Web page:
Medical advancement over the past few decades has proceeded at an astounding pace, bringing tremendous gains in health outcomes. Global child mortality, the share of deaths for those 5 and under, fell from 19% in 1960 to just below 4% in 2017, according to United Nations data. Infant mortality in the United States fell from 26/1000 to under 6/1000 during the same period. But improvement from medical advancement is slowing. Where progress through medical science levels off, data analysis can help providers and policymakers target and optimize programming for those who most need it. Linking data across sources—thinking beyond health data to the social factors that affect well-being—can redefine treatment and outreach.
For example, we have demonstrated the potential of data sharing by identifying the population at highest risk for infant mortality: A small subset of 1.6% of the population accounts for 50 percent of infant deaths. Programs and services also may be tailored to targeted subgroups based on their historical efficacy in similar circumstances.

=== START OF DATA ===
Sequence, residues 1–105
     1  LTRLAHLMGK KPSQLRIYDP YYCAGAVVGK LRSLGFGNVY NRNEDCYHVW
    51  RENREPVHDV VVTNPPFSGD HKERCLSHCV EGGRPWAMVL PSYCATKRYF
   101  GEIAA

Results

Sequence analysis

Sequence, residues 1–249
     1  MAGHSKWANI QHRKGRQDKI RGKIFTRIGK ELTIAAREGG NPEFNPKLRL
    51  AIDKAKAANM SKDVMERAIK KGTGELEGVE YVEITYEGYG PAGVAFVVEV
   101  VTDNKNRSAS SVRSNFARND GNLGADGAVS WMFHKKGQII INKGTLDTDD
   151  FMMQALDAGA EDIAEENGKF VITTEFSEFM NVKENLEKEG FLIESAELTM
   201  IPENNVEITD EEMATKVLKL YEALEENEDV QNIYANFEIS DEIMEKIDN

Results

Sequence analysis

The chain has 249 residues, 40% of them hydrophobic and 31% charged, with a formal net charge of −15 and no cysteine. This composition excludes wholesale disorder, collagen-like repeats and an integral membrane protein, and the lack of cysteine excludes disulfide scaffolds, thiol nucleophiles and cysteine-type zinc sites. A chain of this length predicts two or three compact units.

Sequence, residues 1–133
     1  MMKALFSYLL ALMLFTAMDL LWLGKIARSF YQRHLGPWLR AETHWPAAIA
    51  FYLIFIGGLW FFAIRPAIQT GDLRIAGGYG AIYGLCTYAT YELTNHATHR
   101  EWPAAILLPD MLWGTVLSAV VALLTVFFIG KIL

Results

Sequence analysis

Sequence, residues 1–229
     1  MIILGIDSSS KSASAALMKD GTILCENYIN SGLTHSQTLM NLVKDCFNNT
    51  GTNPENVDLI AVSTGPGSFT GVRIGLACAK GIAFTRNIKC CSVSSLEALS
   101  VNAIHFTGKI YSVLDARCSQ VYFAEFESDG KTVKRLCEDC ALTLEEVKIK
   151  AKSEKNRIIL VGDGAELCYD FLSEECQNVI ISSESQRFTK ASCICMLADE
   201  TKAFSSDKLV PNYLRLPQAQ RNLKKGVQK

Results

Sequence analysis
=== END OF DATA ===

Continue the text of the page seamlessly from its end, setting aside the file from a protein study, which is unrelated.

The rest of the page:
Joint analysis of combined disparate datasets makes both of these scenarios possible, producing insight and providing decision makers at all levels with social context for the individuals they serve.
Through our work in government, healthcare, and other large organizations, we have found that the biggest hurdles to achieving this goal are clarity of ownership, fear and unease around data sharing, and technology barriers to effectively analyzing disparate data.
Taking ownership of outcomes